This winter so far
Let's begin with this winter. Above normal temperatures and precipitation for Washington and northern Idaho. Drier than normal and very mild to our south in Oregon. December actually brought normal temperatures; it was the very mild January that contributed to the warmth on the map below.
|December 2017-January 2018 Temperature anomaly|
|December 2017-January 2018 Precipitation Percent of Normal|
And last winter, well it was a cold one especially in the Columbia Basin! Precipitation was just the opposite compared to this winter. Drier than normal in Washington and northern Idaho and wetter than normal to our south.
|December 2016-January 2017 Temperature anomaly|
|December 2016-January 2017 Precipitation Percent of Normal|
The milder temperatures this winter, especially in January and the first part of February have led to quite the difference in lower elevation snow pack this winter compared to last. Below are maps showing the differences in SWE (Snow Water Equivalent) for February 10th, 2018 vs 2017.
|Modeled SWE (Snow Water Equivalent) 12z (4 AM PST) February 10th, 2018|
And last winter
|Modeled SWE (Snow Water Equivalent) 12z (4 AM PST) February 10th, 2017|
Much more lower elevation snow pack, and Oregon was doing much better.
How does this look with regards to percent of normal? Here is the February 10th map showing the west.
|February 10th, 2018 SWE (Snow Water Equivalent) Percent of Normal|
It's not just Oregon, but much of California, Nevada, Utah, New Mexico, and SW Colorado also have much below normal snow pack.
So what has caused this pattern? Abnormally strong high pressure over the west. Typically with La Niña this high pressure is centered further to the west. Here is this year's pattern.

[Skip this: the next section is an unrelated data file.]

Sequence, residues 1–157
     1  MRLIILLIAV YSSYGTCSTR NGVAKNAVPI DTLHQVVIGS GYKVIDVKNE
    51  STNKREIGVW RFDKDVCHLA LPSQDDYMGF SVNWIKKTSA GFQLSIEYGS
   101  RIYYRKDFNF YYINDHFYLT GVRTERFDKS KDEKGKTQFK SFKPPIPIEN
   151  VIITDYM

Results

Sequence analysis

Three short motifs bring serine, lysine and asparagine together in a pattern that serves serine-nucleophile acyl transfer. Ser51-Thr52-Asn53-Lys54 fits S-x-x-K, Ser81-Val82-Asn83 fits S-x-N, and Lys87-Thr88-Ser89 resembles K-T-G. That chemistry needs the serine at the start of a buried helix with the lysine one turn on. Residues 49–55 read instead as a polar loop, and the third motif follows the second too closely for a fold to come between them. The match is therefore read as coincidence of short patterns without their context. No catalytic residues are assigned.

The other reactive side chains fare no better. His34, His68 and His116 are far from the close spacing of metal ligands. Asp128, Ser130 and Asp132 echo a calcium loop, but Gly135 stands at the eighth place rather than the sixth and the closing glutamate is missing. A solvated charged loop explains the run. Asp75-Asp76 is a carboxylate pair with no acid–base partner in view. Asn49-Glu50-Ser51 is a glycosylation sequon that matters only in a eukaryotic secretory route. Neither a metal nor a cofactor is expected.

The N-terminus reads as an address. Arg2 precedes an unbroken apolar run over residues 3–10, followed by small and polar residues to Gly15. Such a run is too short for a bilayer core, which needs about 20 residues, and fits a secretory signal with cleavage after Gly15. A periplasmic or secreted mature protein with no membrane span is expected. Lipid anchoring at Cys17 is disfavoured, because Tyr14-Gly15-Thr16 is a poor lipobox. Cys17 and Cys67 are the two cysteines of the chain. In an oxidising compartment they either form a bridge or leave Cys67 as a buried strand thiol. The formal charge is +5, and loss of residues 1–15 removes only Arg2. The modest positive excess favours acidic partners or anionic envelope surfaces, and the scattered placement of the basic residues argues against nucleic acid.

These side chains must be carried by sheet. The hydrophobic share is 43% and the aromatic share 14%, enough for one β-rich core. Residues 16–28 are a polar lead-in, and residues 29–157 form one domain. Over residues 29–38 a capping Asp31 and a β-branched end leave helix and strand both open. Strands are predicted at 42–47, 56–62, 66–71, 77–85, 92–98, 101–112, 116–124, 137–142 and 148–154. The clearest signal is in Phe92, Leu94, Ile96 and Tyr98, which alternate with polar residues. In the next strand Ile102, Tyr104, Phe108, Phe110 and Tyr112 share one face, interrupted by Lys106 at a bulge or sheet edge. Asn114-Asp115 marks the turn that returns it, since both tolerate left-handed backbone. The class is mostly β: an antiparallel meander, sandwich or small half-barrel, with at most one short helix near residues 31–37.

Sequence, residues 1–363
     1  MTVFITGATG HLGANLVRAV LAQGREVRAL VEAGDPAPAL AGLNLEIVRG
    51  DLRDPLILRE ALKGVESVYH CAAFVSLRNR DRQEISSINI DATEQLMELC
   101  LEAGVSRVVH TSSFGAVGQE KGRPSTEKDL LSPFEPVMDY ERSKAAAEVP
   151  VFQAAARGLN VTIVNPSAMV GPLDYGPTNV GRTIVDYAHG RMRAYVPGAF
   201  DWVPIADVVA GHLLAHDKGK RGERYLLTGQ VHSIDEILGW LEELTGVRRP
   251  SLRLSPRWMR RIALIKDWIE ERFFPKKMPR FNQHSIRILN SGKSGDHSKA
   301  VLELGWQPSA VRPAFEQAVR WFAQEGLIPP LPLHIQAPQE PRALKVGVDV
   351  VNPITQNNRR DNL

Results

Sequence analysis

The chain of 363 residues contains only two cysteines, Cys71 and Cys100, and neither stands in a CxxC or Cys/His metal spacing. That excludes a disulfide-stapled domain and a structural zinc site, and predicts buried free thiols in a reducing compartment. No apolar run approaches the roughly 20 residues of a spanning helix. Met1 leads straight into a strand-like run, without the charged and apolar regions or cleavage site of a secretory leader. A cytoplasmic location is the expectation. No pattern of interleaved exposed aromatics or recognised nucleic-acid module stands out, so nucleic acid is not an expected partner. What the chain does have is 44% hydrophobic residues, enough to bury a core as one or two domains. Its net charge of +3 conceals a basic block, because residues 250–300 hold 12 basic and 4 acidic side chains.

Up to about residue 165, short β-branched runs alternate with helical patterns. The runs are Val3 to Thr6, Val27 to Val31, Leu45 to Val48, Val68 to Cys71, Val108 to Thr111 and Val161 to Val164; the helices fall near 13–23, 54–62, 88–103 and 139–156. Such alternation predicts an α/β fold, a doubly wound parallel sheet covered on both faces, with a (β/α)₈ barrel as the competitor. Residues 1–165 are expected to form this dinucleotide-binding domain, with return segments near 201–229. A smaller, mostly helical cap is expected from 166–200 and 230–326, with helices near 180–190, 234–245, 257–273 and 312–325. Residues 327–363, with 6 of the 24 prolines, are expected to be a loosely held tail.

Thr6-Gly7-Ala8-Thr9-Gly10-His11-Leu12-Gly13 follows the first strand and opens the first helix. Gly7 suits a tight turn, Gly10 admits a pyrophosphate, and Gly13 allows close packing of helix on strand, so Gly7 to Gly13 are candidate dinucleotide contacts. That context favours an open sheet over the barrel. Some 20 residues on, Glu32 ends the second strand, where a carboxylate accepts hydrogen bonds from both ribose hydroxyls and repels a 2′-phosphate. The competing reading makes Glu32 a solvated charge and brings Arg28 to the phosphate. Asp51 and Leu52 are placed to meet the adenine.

|Mean 500mb heights Dec 1, 2017 to Jan 29th, 2018|
And the map below shows the anomaly, with higher than normal pressure over our region as noted by the yellow and orange colors.
|Mean 500mb height anomaly Dec 1, 2017 to Jan 29th, 2018|
Compared that to last year, which was just the opposite with anomalous ridging to our west with a trough over us as noted by the purple and blue colors.
|Mean 500mb height anomaly Dec 1, 2017 to Jan 29th, 2017|
Winter is back!
Now the pattern has shifted a bit with high pressure shifting to our west allowing colder air to drop in from the north. A reinforcing shot of cooler air arrives Monday (Feb 12) and some models suggest this pattern may stick around for a while. Here is the Canadian model for next Sunday (Feb 18).
|12z/10th Canadian model forecast of 500mb heights, MSLP valid 12z February 18th (4 AM PST)|
This model shows a very amplified pattern with a strong ridge in the eastern Pacific and a deep trough over our region. Other models such as the GFS and European show a similar pattern. While this pattern looks like a cold one, moisture is the wild card. This is still a long ways out so stay tuned to the latest forecasts.
And here are the latest 8-14 day outlooks from the Climate Prediction Center which also favor elevated odds for below normal temperatures with about normal precipitation.
|CPC 8-14 day temperature outlook issued Feb 10th valid Feb 18-24, 2018|
|CPC 8-14 day Precipitation outlook issued Feb 10th valid Feb 18-24, 2018|
So, despite the mild December, January, and early February, more winter like weather (at least temperature-wise) is expected for the next few weeks.